With a ‘delay’ of three decades, Netflix has just released the telenovela, today called a series, and the vallenateros of Colombia are so happy like when García Márquez compared his great novel to a vallenato. “All of us who have fought for the dissemination of vallenato are very satisfied & rdquor ;, he says Alberto ‘Beto’ Murgas, Vallenato composer and director of the Accordion Museum from Valledupar (in case it has not been clear, world capital of vallenato). “I think that it universalizes us, I think that the work that Carlos Vives did at the time, for example, continues, which is summarized, in my opinion, in showing the world how we are & rdquor ;. Match him Félix Carrillo Hinojosa, Vallenato journalist and composer, that he says that he will allow “the new generations who know nothing about him to meet Escalona & rdquor ;. “The fact that Netflix releases the series puts Escalona in this time, brings him to the 21st century.”

It is said – wrongly, as Gabo himself emphasizes in his article – that that summit was the germ of the Vallenata Legend Festival, that since 1968 takes place every year in Valledupar (probably one of the largest festivals in Colombia). What is certain is that Escalona was part of the founding nucleus, which only adds to its legend. The teacher of Patillal, the cultural manager Consuelo Araújo and the then governor of the Cesar department –and ultimately the president of Colombia– Alfonso López Michelsen did more than launch the quintessential event of the genre. According to Murgas, “they were the ones who established the four airs that were to identify vallenato, namely, paseo, son, puya and merengue. The festival not only gave it the prominence it deserved, it established the way & rdquor; should be played. The quote establishes a canon each year raising a Vallenato King and every five to a King of Kings. There is no party that can be compared.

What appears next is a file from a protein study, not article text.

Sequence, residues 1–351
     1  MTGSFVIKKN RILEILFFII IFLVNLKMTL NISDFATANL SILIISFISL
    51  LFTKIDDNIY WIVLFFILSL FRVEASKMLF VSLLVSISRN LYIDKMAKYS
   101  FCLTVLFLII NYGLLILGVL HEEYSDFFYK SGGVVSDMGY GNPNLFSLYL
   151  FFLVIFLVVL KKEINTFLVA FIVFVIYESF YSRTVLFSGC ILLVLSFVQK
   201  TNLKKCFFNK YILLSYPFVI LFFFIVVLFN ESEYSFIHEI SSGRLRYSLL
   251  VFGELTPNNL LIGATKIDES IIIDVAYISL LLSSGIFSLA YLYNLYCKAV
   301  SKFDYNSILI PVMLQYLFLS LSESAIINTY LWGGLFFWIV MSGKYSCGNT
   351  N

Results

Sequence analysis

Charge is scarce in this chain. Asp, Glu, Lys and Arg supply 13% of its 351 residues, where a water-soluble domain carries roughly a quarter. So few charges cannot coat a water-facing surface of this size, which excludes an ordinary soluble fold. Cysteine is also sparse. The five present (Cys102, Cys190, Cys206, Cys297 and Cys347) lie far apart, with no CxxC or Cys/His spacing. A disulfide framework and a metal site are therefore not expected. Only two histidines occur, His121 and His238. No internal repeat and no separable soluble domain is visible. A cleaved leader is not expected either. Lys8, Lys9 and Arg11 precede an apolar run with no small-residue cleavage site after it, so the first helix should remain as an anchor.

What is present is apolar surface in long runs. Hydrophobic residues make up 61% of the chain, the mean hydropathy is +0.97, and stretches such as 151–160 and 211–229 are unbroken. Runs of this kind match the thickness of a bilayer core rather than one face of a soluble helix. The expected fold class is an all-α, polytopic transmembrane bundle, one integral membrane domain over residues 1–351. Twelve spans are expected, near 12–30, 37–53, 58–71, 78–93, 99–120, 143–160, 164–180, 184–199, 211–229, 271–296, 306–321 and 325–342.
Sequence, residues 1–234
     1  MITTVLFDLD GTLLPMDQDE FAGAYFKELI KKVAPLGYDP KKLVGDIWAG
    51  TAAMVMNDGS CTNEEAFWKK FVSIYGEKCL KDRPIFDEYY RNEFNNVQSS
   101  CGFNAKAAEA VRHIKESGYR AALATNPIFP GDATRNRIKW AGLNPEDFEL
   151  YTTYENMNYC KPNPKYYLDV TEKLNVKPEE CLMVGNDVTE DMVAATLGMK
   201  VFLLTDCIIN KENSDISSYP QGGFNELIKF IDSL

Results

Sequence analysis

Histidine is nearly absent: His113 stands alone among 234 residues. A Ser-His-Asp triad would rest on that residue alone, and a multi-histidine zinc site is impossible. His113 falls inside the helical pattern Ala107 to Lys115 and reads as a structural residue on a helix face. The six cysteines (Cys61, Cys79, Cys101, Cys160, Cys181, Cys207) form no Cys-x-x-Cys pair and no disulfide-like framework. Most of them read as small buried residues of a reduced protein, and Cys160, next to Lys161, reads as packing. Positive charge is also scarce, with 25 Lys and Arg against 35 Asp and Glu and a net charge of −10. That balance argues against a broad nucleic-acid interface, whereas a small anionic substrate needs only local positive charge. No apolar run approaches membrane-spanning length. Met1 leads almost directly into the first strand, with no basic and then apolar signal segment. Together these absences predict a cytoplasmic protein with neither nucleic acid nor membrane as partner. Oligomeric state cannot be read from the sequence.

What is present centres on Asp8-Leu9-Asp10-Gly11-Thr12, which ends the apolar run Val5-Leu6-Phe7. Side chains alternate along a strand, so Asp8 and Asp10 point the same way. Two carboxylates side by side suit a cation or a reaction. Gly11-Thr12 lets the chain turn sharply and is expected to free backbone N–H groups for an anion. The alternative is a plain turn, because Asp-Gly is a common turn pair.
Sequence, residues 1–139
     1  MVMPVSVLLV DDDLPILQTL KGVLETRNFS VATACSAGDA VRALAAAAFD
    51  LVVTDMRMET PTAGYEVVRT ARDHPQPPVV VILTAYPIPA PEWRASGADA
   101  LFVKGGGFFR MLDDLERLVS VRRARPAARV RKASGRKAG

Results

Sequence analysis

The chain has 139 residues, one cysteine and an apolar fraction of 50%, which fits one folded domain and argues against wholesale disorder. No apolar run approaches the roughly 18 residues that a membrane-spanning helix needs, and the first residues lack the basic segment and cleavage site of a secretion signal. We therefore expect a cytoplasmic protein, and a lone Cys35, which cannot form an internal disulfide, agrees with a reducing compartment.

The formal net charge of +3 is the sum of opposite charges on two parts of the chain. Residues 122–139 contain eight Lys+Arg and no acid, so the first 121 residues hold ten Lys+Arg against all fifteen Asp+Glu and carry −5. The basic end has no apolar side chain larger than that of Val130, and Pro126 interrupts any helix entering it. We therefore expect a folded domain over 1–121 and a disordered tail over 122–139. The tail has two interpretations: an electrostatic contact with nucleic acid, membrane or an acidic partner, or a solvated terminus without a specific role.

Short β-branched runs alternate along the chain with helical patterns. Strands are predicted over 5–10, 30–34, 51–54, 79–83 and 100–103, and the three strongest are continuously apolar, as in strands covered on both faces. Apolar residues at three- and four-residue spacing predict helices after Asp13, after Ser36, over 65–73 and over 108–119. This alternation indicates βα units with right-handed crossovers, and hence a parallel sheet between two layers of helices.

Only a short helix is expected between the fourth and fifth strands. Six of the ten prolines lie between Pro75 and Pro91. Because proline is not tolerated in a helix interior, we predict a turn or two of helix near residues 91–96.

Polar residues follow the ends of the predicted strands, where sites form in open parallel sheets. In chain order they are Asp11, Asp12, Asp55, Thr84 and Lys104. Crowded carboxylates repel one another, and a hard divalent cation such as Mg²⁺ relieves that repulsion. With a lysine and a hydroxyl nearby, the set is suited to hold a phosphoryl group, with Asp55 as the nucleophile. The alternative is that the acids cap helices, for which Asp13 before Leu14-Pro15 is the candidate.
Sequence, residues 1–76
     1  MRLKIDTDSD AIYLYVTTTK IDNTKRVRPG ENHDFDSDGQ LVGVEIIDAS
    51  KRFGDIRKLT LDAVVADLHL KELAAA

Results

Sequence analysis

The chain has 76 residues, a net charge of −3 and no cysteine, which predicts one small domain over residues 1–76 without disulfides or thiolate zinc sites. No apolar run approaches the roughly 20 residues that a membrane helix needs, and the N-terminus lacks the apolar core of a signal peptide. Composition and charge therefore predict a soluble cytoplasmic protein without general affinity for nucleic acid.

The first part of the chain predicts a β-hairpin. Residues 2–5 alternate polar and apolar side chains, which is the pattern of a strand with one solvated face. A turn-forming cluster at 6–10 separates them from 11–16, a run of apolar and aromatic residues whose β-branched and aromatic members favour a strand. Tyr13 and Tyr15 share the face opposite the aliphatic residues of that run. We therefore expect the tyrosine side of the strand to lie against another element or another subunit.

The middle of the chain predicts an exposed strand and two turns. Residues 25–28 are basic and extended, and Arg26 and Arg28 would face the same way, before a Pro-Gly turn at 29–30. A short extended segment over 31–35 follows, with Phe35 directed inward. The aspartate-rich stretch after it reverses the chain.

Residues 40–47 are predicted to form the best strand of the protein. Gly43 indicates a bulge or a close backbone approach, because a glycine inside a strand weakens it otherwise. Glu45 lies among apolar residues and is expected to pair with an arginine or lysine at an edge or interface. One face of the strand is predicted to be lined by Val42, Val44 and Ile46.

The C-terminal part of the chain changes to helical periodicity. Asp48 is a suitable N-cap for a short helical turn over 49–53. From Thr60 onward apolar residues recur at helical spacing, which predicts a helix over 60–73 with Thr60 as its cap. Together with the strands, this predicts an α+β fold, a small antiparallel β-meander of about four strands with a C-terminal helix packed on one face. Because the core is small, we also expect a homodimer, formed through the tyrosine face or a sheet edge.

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“For me & rdquor ;, says Carrillo,“ Escalona, ​​more than a composer, was essentially an author. In my lectures I usually refer to it as the Cervantes del vallenato & rdquor ;. The teacher whose life he brought to the small screen Sergio Cabrera (‘The snail’s strategy’) died in 2009, leaving behind him a trail of timeless songs that still take pleasure in making interpreters of all kinds their own. ‘The house in the air’, for example, one of his most famous. ‘Honda injured’, ‘La Maye,’ The Brazilian ‘,’ Admiral Padilla ‘, ‘The custody of Badillo’, ‘The testament’. All are part of the soundtrack of the series and surely of this article. Alberto Murgas, who was a friend of his, ended up singing a piece on the phone to explain the story of ‘injured Honda’.

A parranda vallenata is in essence a musical contest in which sung verses are exchanged with the accompaniment of an accordion. According to legend, there was a character, Francisco Moscote, better known as Francisco el Hombre, who traveled the Caribbean provinces singing with his accordion until one day he was challenged by the devil. Moscote, to defeat him, interpreted the Creed backwards and the devil fled. It is the founding myth. All music has its own.